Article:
- Change carrier to customer relationships from reactive to proactive
By some estimates, by 2025 95% of all customer interactions will be powered by chatbots.
Utilizing AI and machine learning, chatbots can interact with customers seamlessly, saving everyone within an organization time – and ultimately saving insurance companies money. A bot can walk a customer through a policy application or claims process, reserving human intervention for more complex cases.
Geico’s “Kate” is a virtual assistant that communicates with customers via text or voice, aiding in policy questions and coverage inquiries, available 24/7. More insurance companies are investing in technology like this, and chatbot capabilities are expected to increase in 2019.
Insurers are taking to the sky, or at least their drones are. Unmanned drones are an insurance technology tool that will be utilized more by carriers in 2019. They can be used across many stages of the insurance lifeycle – collecting data to calculate risk before issuing a policy, aiding in preventative maintenance, and assessing damage following a loss.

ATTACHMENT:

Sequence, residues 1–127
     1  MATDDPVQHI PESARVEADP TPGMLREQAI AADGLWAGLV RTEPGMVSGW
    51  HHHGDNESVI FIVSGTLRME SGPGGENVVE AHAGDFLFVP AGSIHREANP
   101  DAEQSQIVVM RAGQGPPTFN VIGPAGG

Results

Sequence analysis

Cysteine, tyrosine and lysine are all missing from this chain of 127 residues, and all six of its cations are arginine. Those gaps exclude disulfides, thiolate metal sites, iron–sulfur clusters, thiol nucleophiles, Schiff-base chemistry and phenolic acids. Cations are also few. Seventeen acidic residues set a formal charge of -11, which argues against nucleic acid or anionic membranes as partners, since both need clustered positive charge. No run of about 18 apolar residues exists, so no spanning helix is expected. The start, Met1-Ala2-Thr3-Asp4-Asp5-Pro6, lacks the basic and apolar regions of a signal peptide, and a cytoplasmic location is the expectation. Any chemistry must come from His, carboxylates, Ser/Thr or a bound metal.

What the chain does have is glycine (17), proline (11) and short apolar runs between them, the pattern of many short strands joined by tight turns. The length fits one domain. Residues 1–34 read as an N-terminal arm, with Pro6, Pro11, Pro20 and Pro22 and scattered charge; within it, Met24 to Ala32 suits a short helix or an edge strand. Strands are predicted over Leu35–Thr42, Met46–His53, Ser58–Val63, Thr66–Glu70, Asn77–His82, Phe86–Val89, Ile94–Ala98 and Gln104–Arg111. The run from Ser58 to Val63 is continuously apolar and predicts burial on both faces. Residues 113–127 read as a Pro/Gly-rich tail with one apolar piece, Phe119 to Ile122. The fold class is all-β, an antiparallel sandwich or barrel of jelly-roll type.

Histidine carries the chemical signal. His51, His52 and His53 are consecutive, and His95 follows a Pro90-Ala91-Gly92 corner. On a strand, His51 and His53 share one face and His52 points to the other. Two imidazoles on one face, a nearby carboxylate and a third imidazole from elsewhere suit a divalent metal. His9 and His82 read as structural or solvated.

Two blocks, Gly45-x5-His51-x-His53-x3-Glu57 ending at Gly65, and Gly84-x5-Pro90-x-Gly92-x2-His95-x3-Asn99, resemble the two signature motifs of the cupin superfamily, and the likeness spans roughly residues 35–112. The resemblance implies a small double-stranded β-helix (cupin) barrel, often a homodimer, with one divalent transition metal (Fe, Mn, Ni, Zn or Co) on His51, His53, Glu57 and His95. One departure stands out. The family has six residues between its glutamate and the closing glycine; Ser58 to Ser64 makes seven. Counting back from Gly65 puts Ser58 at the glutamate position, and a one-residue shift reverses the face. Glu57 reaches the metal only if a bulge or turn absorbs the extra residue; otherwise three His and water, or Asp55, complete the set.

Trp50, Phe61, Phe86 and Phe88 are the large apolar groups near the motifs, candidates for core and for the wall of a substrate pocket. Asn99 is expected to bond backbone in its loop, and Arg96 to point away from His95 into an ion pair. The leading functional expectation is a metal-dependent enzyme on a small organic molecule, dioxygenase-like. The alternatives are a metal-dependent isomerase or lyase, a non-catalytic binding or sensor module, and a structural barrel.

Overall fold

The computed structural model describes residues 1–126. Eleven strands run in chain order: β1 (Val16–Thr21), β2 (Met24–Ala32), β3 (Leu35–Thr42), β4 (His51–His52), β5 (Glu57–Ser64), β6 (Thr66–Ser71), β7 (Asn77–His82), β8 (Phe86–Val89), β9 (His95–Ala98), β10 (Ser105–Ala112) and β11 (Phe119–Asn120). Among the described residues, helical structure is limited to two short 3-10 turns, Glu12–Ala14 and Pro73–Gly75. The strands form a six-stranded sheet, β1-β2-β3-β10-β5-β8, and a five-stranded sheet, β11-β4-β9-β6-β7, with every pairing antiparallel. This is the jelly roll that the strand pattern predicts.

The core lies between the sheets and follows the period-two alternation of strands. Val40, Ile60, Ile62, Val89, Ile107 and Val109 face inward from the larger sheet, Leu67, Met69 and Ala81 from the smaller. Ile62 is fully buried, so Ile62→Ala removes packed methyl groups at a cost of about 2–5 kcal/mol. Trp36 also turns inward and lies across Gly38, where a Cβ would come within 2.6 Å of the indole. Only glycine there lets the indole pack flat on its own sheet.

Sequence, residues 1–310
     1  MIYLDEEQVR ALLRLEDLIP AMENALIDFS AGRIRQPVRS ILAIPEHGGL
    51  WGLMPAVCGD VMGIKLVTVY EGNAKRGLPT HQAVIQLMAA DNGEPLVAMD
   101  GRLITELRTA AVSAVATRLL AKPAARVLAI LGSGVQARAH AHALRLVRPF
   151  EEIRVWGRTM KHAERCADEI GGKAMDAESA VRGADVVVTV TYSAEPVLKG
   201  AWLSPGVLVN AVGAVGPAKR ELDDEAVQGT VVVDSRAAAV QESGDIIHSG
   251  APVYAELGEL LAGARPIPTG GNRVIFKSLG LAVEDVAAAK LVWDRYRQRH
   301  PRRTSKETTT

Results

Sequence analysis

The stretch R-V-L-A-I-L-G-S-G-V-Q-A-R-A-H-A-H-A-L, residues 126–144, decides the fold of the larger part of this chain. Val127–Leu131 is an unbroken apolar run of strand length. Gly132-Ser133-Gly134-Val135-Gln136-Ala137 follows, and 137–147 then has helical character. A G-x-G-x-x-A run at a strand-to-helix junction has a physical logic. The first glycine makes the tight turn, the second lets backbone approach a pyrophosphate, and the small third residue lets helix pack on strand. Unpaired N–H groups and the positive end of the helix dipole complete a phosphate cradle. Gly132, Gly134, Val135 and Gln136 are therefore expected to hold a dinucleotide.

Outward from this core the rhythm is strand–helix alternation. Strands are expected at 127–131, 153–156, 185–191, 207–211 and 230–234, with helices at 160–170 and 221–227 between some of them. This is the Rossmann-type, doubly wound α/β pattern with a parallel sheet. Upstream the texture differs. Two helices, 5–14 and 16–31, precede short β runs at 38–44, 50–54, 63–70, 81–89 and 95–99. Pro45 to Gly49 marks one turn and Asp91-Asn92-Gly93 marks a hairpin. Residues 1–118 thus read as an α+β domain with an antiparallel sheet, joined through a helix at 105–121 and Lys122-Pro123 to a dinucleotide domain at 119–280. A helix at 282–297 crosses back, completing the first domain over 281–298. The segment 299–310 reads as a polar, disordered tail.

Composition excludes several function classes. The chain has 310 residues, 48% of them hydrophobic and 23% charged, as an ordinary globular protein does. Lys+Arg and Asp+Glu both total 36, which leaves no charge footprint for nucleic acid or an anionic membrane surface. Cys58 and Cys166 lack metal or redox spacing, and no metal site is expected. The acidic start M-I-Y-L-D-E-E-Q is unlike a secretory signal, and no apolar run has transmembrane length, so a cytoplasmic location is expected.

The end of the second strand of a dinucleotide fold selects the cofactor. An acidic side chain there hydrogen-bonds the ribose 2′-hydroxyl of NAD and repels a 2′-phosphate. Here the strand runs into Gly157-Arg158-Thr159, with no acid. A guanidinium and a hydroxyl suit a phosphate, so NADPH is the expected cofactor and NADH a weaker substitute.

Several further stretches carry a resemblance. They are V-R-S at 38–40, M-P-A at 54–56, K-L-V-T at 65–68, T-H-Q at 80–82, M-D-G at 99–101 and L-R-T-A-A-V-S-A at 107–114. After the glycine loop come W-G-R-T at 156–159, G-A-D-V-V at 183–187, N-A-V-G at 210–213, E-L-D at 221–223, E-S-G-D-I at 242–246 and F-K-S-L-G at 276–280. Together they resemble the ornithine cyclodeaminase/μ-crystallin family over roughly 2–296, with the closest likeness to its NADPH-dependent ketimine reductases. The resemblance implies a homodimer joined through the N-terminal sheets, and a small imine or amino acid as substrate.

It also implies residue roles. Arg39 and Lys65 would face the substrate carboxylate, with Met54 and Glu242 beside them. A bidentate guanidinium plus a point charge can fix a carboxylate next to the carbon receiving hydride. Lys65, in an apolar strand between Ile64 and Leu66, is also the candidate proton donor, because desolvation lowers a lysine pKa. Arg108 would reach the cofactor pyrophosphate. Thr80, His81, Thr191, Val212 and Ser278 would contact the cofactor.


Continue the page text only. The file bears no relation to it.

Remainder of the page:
Farmers insurance is a great example, as they deploy Kespry drones to aid risk and damage assessment on homes. These drones perform roof inspections and other assessments, and the drones transmit their data to the cloud for analysis. This is yet another instance of IoT and other technologies working together in the insurance industry.
P&C carriers are always searching for the latest and greatest developments in insurance technology. It helps them not only stay ahead of their competitors, but also deliver the experiences customers expect in the modern market. With all of the innovation going to market in recent years, from smart home technology to insurtechs and microservices, 2019 will be a very interesting year to watch for insurance technology developments. Stay tuned…
By Jeff Wargin, Duck Creek Technologies
As Chief Product Officer, Jeff Wargin leads the direction of Duck Creek’s P&C insurance solutions, responsible for strategy, direction, release planning, and roadmapping of these products. Jeff has spent 20+ years in the P&C Insurance software market, focused on bringing innovative, future-proof products and solutions to insurers and others in the value chain. Jeff’s background is in technology, but his work experience has provided him with a deep understanding of the complexities of the P&C Insurance industry.